This could become one of the largest immigration frauds to ever hit the U.S. university system
With 95% of the students involved said to be of Indian origin, hundreds may face deportation
Tri Valley University, here in the Bay Area is involved in what might be the biggest immigration frauds with student visas. From The Hindu
When they launched a sting operation against Susan Xiao-Ping Su, the head of TVU, with undercover officers posing as foreign students, she was willing to offer them I-20, or student visas, even though they admitted they had no intention to attend courses and had improper status from previous schools.
Over 95% of the students are of Indian origin.
The TVU story is over. But the website is still up. It projects a strong association with “Christian education”. It won’t be the first operation to use religion as a cover-up.
God has been with us for every step the university takes. Initially starting with engineering program, Tri-Valley University quickly develop all of its academic programs in Christian ministry, business, law and medicine with helps and contributions from many faculty members, volunteers, as well as renown professionals.
TVU appears to be very new. They applied for accreditation in 2008. No news on whether it was received or not.
The first important milestone date of Tri-Valley University’s development is June 29th, 2008, the initial contact of Tri-Valley University with our accreditation agency. Ever since then, Tri-Valley University has been structured according to the prestigious accreditation requirement for all its institution infrastructure, administration, and academic programs in spirit and practice.
Because it is so new, it probably hasn’t graduated too many students, though there may be some who have transferred credits elsewhere. Those credits will be worth very little now.
TVU exploited the scarcity of US visas and Su’s ability to award them. There are many, many people around the world who want to get into the United States, somehow, anyhow. H1-B visas are already scarce. USCIS ran out of the 2011 quota on Jan 26. That F-1 visa is worth something, even if the education around it is a sham.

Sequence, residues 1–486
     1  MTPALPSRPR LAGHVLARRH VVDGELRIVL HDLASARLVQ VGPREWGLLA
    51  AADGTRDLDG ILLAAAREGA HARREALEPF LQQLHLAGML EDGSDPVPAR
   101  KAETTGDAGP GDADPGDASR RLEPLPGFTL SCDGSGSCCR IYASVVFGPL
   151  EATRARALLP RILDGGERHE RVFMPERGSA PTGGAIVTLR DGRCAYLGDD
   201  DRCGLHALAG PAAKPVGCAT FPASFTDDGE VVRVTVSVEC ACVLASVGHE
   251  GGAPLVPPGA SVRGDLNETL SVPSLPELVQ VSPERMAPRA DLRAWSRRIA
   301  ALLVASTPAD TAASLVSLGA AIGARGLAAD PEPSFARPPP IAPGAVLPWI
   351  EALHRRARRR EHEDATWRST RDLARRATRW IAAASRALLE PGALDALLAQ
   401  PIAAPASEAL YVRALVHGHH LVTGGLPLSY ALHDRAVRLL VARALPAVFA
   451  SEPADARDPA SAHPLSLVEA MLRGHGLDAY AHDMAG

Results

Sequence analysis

A similar thing happened in the early days of the IT boom in India. There weren’t enough engineering graduates coming out of colleges for the IT Services companies. Which led to the rise of the donation college – colleges that essentially granted you a degree in exchange for money. The quality of education itself was almost immaterial. The smarter colleges focused on getting employers to come for campus hiring. Then stick some kind of entry criteria at the admission level so that you aren’t admitting totally unemployable students and the virtuous cycle of good students – good jobs – more good students starts working in your favour.
Some day, there will be a shakeout in the engineering college industry in India. Supply will catch up. Salaries offered on campus will diverge. And the game will be over for the fly-by-nighters. But then the owners never really invested too much in education anyway. The students will be left up the creek without a paddle.
It didn’t have to be this way. If accreditation agencies in India took their job to be anything other than making money for themselves, you could still ensure quality education while growing supply. But then, that wouldn’t be India, would it.
[Update: ToI has the best piece on the TVU scam]